12:43 PM PDT, April 15, 2009
While in Kyoto last summer, I chanced, on a couple of rare occasions when I wasn’t embroiled in extreme sightseeing or sleeping the sleep of the exhausted, to watch a bit of television. One program in particular intrigued me: a historical drama featuring court ladies in splendid kimono, indulging in behavior dismally typical of people with too much time on their hands--gossiping, scheming, maligning, betraying. Among these craven weeds one woman stood out like a sweet, slender flower, taking no part in the pettiness, fulfilling a higher destiny.
There were, of course, no English subtitles. I knew the period was Tokugawa, but other than that I was lost. Once I returned home, I did some Internet sleuthing to find out just which program it was, and with only a little trouble learned I’d been watching Atsuhime (Princess Atsu), a multi-segment story set in the 1850s when Commodore Perry and his black ships were threatening a status quo unchanged for centuries. Just the other day, to my surprise and pleasure, I stumbled upon a site featuring English-subtitled videos of every episode. It’s heaven.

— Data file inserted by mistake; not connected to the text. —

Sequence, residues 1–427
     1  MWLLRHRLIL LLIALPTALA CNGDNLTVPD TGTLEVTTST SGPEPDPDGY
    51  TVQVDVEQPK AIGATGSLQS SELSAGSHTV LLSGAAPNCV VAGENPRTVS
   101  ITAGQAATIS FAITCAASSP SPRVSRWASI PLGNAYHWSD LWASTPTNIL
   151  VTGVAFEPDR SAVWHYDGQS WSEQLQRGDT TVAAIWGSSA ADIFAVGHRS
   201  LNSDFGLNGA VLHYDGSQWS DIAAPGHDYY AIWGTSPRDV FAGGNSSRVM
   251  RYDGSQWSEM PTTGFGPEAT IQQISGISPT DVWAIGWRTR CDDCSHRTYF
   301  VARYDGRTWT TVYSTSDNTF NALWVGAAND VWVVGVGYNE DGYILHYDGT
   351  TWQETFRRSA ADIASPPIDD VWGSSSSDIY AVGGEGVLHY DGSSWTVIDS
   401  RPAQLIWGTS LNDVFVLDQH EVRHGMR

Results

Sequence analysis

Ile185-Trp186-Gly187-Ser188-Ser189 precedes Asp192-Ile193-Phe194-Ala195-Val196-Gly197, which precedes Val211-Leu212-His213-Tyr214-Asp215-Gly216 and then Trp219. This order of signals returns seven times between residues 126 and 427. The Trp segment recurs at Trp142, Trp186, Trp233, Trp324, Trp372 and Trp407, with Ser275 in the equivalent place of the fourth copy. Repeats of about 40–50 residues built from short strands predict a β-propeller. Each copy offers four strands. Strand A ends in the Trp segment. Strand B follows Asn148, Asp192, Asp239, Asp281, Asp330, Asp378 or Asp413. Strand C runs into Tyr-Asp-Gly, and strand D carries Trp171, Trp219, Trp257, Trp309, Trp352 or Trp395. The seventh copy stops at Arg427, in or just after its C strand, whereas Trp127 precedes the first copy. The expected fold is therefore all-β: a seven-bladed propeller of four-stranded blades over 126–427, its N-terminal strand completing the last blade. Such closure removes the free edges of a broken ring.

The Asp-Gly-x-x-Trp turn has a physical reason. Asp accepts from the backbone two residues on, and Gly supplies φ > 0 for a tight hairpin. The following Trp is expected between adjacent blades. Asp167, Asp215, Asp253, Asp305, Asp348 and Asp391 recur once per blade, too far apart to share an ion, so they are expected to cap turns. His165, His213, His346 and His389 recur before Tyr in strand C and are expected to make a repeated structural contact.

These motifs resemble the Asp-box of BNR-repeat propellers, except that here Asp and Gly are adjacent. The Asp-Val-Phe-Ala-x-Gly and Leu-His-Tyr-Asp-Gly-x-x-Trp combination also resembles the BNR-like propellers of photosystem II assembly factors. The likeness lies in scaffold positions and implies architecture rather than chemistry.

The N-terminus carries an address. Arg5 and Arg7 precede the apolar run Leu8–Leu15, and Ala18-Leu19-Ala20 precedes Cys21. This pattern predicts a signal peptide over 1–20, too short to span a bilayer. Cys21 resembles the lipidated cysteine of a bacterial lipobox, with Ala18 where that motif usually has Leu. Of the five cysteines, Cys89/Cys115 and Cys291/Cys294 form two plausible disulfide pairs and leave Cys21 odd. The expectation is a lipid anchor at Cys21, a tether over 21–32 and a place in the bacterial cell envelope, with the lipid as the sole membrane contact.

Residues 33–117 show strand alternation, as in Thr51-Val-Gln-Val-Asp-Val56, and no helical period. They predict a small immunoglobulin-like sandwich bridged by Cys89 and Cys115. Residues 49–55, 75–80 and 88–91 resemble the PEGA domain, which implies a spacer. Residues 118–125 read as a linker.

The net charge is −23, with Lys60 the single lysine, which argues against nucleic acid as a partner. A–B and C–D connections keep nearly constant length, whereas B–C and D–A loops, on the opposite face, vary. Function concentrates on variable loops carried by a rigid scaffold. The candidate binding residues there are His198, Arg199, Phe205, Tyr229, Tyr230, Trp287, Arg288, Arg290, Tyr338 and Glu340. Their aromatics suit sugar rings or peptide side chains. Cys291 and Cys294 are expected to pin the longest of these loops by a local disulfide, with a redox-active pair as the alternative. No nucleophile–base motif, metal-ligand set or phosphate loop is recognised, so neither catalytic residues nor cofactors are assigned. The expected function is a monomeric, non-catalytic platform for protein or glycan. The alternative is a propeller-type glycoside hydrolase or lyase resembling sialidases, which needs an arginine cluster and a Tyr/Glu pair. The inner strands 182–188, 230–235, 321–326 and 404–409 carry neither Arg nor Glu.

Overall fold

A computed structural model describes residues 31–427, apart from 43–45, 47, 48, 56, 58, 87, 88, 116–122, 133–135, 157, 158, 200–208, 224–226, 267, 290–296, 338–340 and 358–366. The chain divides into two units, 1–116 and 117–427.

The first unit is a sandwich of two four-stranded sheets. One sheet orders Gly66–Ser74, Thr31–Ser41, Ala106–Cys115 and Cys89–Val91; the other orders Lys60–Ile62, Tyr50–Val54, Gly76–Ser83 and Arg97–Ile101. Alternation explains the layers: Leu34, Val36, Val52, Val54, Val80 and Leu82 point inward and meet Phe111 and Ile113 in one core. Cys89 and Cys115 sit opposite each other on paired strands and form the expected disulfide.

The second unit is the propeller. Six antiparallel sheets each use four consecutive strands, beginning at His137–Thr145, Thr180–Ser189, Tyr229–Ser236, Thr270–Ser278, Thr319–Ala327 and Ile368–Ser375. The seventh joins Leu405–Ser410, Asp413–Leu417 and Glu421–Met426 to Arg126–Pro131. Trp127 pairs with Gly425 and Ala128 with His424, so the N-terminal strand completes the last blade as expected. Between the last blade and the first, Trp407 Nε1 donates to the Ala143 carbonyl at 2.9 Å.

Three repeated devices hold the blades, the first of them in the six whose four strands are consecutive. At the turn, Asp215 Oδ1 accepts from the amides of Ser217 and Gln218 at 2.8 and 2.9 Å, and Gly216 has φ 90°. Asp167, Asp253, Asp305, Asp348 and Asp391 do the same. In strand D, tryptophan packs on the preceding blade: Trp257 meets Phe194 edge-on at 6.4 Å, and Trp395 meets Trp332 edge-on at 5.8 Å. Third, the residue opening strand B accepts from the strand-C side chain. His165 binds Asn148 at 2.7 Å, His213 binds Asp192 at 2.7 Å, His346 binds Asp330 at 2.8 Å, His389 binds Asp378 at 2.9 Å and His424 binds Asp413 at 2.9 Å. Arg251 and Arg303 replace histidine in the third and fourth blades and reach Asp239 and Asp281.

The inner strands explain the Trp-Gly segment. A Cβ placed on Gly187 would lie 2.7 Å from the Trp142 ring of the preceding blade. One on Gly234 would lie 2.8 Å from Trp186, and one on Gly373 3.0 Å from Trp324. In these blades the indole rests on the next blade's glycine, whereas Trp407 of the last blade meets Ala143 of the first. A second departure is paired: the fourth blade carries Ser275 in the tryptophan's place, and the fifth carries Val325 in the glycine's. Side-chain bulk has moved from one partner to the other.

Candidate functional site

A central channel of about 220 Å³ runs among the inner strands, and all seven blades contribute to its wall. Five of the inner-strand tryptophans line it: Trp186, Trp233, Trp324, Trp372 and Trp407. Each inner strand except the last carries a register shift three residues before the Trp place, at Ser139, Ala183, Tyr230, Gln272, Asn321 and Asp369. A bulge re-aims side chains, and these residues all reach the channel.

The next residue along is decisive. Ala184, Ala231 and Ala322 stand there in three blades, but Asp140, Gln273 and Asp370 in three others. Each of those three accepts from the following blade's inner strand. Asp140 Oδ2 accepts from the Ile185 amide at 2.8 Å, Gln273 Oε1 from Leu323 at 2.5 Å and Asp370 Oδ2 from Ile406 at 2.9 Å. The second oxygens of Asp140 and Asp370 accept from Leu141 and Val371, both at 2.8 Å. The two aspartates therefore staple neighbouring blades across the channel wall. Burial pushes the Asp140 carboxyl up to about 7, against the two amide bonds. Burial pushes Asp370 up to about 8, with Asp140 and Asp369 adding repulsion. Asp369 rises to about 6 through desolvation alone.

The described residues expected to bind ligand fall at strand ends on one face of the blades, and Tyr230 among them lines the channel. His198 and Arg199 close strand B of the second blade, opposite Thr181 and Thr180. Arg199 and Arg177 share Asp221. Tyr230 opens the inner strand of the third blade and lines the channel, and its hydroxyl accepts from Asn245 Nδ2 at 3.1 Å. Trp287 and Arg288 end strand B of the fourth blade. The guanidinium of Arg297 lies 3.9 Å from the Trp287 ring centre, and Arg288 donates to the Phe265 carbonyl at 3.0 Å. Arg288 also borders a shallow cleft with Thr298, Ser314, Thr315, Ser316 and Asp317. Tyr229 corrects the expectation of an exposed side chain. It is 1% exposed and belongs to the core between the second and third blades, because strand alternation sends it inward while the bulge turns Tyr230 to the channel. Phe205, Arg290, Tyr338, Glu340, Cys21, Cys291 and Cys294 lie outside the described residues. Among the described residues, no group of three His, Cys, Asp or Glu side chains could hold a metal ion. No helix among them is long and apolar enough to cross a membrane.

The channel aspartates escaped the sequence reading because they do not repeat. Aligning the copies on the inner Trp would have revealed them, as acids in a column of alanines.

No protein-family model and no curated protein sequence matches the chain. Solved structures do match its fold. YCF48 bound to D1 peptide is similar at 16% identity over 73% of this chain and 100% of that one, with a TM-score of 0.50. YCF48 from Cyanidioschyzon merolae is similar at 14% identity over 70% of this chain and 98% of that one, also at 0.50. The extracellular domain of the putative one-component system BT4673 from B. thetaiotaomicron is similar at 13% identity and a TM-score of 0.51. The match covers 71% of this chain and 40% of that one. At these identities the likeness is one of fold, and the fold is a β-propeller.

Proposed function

Atsuhime moves at a deliberate, almost dreamlike pace. So far I’m at Episode 11 and haven’t yet witnessed a single usually de rigeur multi-samurai katana battle, nor any overt exertion at all save for a great deal of carefully calibrated bowing. It’s wonderfully restful. The beauteous young princess is admirably wise and noble, and defies convention in various charming ways. Although she and her family exhibit no physical affection whatsoever, the bonds of the heart are clearly deep-rooted and unshakeable. This restraint is shown by everyone: deadly enemies never come to blows, and desperate lovers never touch. Honor, sacrifice, and loyalty are emphasized and exalted. The production values are quietly stunning, and the acting topnotch; the only off note, so to speak, is the Westernized musical score in a milieu demanding koto, shamisen, and hyoshigi.
Elegant, informative and pleasurable Atsuhime eminently is, in ways American television can never comprehend. Only when one stirs the inscrutable surface of the princess' world does one remember that this was a pivotal, terrible point in Japanese history, marking the end of the nation’s lofty seclusion and the wholesale influx of all that now makes the culture so uniquely strange—Shangri-La crossed with Bartertown.